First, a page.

The Democrat With the Bully Pulpit

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By Fawn Johnson, NationalJournal

Bill Nelson is fired up about supercookies.

More specifically, the Senate Commerce Committee’s top Democrat is ticked off at Verizon. He says the mobile tracking devices that can’t be detected or deleted are being used by service providers to record customer data without their knowledge. The users become virtual guinea pigs for the industry. AT&T abandoned the practice earlier this year, but Nelson thinks Verizon hasn’t been as cooperative.

“This is absolutely outrageous. This is outrageous,” Nelson says in an interview. “Verizon just meanders along, puts the supercookies in, [and is] going to feed out all the information to all of their vendors. ‘Give me money, boys.’ And the poor consumer is unwitting. He’s walking around with somebody snooping on him all the time and then sending him stuff that he did not want, he did not ask for, and in most cases cannot afford.”

When Nelson got wind of the supercookies in late January, he took to the Senate floor and demanded legislation outlawing them. “I started ‘raising Cain,’ as we say in the South,” he says with a smile.

The Verizon example illustrates two of Nelson’s biggest priorities as a legislator: Protecting consumers as technology progresses in unpredictable ways, and using his Senate profile to shame those he perceives to be bad actors.

As it turns out, this straight-arrow Southern gentleman from Florida has a sharp side. In just the past six months, he has gone after Verizon on supercookies and Takata for exploding airbags.

As a result of congressional pressure abut defective airbags, more than 2 million vehicles have been recalled, and the Transportation Department last month fined Honda $70 million. In the Verizon case, Nelson has sent requests to both the Federal Communications Commission and the Federal Trade Commission asking the agencies to look into Verizon’s use of mobile tracking devices.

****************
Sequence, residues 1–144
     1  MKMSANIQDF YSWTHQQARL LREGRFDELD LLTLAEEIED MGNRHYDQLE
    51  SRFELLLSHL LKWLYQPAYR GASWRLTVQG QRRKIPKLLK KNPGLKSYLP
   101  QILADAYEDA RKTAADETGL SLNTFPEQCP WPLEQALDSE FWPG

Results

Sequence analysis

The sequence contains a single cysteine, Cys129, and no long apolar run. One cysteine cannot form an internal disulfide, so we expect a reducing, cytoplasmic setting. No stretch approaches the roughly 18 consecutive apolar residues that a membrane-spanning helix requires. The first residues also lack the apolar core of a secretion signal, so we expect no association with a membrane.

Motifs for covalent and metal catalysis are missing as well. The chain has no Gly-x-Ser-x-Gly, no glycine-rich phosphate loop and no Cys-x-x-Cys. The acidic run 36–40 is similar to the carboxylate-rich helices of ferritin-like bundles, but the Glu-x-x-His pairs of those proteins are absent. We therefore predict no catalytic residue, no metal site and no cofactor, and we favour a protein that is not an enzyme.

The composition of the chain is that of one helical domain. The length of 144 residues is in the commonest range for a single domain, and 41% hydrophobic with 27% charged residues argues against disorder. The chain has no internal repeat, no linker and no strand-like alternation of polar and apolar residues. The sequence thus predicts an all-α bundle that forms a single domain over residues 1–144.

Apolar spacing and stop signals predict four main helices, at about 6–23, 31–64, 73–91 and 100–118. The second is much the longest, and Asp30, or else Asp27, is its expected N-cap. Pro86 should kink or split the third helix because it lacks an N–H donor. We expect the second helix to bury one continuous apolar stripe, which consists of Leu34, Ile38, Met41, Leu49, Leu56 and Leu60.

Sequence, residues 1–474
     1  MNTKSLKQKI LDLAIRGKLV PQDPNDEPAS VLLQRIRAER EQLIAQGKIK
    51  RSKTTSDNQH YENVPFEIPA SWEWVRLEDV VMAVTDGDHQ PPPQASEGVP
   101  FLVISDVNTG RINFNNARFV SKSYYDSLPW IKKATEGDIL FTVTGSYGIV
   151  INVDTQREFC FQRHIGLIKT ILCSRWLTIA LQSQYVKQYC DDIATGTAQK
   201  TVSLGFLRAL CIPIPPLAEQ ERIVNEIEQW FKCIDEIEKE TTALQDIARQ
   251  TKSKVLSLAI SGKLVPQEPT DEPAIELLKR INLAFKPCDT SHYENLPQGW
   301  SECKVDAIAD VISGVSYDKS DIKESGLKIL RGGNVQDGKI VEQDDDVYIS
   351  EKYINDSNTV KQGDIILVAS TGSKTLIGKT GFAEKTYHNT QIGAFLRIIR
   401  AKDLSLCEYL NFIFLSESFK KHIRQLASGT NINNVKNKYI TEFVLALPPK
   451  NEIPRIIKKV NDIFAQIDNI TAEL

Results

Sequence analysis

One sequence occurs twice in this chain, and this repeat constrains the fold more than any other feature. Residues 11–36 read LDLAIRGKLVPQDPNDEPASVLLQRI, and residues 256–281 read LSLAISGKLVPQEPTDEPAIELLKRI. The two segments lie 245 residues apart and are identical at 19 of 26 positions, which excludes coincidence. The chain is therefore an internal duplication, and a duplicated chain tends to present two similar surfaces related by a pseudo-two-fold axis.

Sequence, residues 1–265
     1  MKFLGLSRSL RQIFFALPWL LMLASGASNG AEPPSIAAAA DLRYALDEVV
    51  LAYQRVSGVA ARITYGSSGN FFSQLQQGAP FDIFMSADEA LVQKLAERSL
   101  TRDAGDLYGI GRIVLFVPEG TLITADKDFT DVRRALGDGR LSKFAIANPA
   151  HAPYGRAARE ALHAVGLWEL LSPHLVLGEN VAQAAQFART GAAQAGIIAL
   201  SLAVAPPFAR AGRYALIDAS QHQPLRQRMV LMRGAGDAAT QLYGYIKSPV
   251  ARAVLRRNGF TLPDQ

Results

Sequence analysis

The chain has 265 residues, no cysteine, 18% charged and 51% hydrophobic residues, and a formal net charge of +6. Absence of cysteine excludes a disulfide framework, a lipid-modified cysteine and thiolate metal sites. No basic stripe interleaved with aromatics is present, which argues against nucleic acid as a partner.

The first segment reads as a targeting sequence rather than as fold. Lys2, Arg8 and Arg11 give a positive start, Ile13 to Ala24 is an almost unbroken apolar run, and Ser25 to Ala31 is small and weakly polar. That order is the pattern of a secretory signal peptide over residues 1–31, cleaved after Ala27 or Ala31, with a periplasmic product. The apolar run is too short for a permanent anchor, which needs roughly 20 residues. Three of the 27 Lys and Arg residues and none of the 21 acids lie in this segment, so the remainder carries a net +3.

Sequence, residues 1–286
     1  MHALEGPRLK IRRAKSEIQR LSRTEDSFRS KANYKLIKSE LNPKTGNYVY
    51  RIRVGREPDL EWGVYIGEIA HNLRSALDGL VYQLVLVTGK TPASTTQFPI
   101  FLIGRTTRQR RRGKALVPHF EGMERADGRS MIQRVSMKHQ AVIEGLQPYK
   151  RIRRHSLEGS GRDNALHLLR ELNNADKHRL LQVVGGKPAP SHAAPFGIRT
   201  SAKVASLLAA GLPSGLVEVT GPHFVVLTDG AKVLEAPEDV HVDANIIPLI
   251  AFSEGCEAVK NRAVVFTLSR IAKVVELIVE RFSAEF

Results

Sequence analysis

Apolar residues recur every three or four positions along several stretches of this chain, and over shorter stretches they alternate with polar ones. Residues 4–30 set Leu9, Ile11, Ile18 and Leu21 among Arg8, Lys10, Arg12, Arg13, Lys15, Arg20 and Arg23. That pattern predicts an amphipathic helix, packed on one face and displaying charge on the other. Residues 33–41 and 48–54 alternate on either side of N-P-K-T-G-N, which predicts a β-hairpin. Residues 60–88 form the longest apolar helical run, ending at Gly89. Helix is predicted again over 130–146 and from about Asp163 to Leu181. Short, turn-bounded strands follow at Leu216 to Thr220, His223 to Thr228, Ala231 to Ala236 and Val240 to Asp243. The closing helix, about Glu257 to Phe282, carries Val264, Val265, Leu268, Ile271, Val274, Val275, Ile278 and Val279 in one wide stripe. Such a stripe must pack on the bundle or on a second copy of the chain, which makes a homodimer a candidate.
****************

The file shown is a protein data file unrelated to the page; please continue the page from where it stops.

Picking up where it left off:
And it all happened with merely the suggestion of legislation. “It had an immediate result. Verizon said they’d pull back. Well, we will monitor that,” he says. “This is the use of the power to influence in the committee, as opposed to just passing legislation.”

In the wake of Nelson’s complaints (and those of a few other Democrats on the committee), Verizon officials announced this month that it would soon give customers the ability to opt out of the “identifier” that is linked to its own advertising programs. In a statement, Verizon spokeswoman Debi Lewis also said that the company never shares information with third-party advertisers.

Elected to the Senate in 2000, Nelson has been around long enough to know the countless ways that bills can die. So he likes to go for a twofer when he can, getting businesses or industries to change their behavior more hastily than the lawmaking process will allow. “Where I see something that is harming the public, recognizing that legislation is going to take a while to pass, if at all, I’m going to bring this to the public’s attention,” he says.

He has honed his bully-pulpit skills nicely over the past two years, at a much more low-profile committee. In the previous Congress, Nelson was chairman of the Senate’s Special Committee on Aging, where his only weapon to ferret out bad behavior was publicity. “It has no legislative jurisdiction, but we didn’t need that, because no legislation was passing anyway. So we made the most of it,” he said.